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Igloo Village of Shikaribetsu

The Igloo Village of Shikaribetsu

The Igloo Village of Shikaribetsu

Our first day in the beautiful island of Hokkaido. I was excited and looking forward to spending my next week surrounded by snow. Coming from a land where temperatures frequently touch 50° Centigrade, it is like a fantasy coming to Hokkaido in winter.

It was going to be a long day. We were heading to the city of Kushiro, almost 300 km away. On the way, we had planned to take a break at Obihiro, and visit the phantom village on Lake Shikaribetsu.

Phantom?? because nobody actually lives in that village. Shikaribetsuko Kotan (然別湖コタン) is a winter event held from late January to late March at Lake Shikaribetsu, located in the northwestern part of Obihiro. When the lake freezes in winter, the people from the nearby village build igloos on the lake using ice. The kotan (village) exists only during the winter months and melts away with the onset of spring.

Sapporo to Lake Shikaribetsu

We had already purchased our special JR passes the day before, that were valid for unlimited travel in Hokkaido for the next 7 consecutive days. This 7 day JR Pass costs ¥26000 and can be bought at the JR ticket counter at Chitose Airport itself.

We left the warm comforts of our hotel at 7 am and walked down to the Nakajimakoen park. In daylight, the park looked lovely, covered in snow. The snow had tapered down from last night and it was relatively easier to walk. Curiously, even though I was surrounded by snow almost 3 ft high, it didn’t feel very cold.

Inside the park, an underground passage directly goes up to the Nakajimakoen Station. From there its just a couple of stops to Sapporo Station.

At the station, we had a light breakfast. Sapporo Station is huge. There are dedicated rows of shops for clothes, food and other stuffs. We caught the 8.45 am Super Ozora train to Obihiro. For the next 2 hours, I was treated to some breathtaking scenery as the train chugged along the white landscape. I have never seen so much snow in my life. It was like the color green had been banished from the lands.

How to get to lake Shikaribetsu – Fusui Bus

We reached Obihiro at 10.40 am. At the station, we went directly to the tourist information center to obtain local bus schedules for Lake Shikaribetsu. The lady at the help desk informed us, one was leaving within 15 minutes at 11 o’clock. We literally ran to the bus stand since the bus intervals were far apart and it takes almost 3 hours to reach the lake. The bus was about half full and mostly filled with locals. It was a pleasant surprise that the ride to Lake Shikaribetsu is absolutely free.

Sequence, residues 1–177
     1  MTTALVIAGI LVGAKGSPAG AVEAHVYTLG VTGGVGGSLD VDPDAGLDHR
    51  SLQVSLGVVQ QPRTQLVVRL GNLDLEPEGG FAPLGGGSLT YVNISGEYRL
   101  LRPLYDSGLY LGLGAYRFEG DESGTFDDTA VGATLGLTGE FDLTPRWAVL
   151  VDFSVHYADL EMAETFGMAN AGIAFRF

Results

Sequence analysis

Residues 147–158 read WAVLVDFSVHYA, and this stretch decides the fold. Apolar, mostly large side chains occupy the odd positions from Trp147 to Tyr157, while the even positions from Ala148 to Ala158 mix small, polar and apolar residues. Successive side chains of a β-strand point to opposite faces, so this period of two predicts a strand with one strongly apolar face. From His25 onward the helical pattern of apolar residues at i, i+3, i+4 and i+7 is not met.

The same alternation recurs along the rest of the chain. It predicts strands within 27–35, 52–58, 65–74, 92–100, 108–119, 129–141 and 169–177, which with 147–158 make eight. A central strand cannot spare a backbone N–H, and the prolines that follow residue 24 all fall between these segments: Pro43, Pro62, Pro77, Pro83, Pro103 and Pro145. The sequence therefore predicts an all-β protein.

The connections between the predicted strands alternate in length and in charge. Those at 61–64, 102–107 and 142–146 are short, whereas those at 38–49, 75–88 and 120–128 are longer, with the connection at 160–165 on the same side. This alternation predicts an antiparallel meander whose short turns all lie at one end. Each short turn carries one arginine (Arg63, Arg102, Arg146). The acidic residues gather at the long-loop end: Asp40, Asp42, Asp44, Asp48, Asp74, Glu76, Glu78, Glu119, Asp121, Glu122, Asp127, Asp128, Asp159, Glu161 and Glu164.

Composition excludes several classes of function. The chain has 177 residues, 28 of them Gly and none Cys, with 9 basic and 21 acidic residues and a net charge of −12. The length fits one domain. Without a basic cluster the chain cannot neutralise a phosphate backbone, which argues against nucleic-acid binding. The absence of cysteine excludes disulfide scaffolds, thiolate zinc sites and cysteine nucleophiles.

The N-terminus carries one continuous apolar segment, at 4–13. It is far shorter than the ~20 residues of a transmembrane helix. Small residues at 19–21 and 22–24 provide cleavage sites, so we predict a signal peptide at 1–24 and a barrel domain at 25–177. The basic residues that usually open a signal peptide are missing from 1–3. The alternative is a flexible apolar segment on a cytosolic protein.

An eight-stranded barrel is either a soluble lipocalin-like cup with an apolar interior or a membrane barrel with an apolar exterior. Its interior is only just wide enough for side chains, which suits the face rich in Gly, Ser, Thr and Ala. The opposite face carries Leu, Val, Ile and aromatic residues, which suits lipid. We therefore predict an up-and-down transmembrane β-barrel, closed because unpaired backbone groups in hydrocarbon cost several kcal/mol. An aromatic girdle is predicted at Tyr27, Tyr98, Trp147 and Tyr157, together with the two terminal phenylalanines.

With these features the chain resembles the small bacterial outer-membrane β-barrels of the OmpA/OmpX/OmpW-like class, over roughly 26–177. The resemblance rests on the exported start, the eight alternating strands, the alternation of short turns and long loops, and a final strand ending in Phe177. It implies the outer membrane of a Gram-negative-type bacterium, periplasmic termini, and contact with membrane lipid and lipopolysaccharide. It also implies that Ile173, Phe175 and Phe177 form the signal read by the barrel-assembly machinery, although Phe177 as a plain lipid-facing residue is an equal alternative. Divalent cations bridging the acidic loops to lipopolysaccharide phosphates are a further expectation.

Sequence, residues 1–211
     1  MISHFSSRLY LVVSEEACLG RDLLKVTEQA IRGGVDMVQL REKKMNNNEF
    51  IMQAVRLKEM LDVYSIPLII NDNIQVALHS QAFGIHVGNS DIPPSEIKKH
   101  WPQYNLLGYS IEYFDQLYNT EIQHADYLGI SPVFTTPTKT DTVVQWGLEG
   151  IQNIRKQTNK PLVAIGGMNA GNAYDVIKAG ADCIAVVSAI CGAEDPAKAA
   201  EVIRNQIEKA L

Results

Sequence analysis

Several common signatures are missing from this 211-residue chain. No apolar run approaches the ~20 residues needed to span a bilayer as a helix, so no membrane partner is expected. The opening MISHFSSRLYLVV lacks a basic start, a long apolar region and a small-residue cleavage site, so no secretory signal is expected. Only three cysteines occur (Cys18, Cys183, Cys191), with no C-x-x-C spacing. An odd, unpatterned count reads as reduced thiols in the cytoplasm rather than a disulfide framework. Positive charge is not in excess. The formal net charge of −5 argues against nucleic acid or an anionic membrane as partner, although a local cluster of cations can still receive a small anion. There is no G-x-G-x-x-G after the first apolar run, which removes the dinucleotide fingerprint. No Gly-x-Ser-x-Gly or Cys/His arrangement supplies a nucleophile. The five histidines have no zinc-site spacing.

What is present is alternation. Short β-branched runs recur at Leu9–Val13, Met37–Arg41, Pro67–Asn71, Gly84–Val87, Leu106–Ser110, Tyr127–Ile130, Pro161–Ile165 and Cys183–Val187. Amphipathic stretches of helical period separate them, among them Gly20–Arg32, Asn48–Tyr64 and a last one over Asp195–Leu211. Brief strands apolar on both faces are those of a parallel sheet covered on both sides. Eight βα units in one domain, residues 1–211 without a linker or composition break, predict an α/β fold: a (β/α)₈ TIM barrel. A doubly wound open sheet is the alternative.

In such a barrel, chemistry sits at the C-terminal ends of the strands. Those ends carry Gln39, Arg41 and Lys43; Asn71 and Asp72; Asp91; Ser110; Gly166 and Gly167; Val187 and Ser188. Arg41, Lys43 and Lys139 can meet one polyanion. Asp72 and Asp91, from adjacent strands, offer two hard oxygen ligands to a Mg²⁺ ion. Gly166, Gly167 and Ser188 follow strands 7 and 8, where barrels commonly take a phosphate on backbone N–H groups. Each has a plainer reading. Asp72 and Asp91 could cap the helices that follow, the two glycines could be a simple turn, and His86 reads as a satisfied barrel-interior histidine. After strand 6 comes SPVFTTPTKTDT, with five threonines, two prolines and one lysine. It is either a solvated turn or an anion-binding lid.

As we drove across the city, I realized it had been snowing heavily for some time. The sidewalks were covered in huge mounds of snow. The roads had been swept of ice but they were still wet and cold steam was rising from the surface. After a while we left behind the little town of Shikaoi at the foot of the mountain and entered the forested area of Daisetsu National Park.

The history of the phantom village of Lake Shikaribetsu goes back to 1980, when local residents began building igloos on top of the frozen lake for fun near the Shikaribetsu Kohan Onsen resort. They continued this yearly activity and now people from all over Japan come to see the ice village during winter.

We reached the lake at 1.45 pm. Though the distance from Obihiro is only 60 km, the driver took his time as the bus goes through some sharp curves and snow-covered roads. Even in these tough terrain, it feels great to see the buses and trains are so particular with time. One can plan everything from before and trust these guys to do their job.

The bus dropped us off in front of Hotel Fusui. The driver informed us to collect the free ride back ticket at the reception of the hotel.

The Hotel Fusui is located right on the edge of Lake Shikaribetsu. We obtained our return tickets and left our luggage at the reception. We were hungry so we went into the restaurant on the ground floor. The restaurant seating is cleverly arranged so the guests can eat with the lovely view of the lake. We ordered a local delicacy – the Dolly Varden trout, that are found in the Lake Shikaribetsu.

The food at the hotel was good. It was rather pleasant sitting by the window in the soft sun, overlooking the huge, frozen lake. From time to time, clouds would pass by casting a shadow on the lake.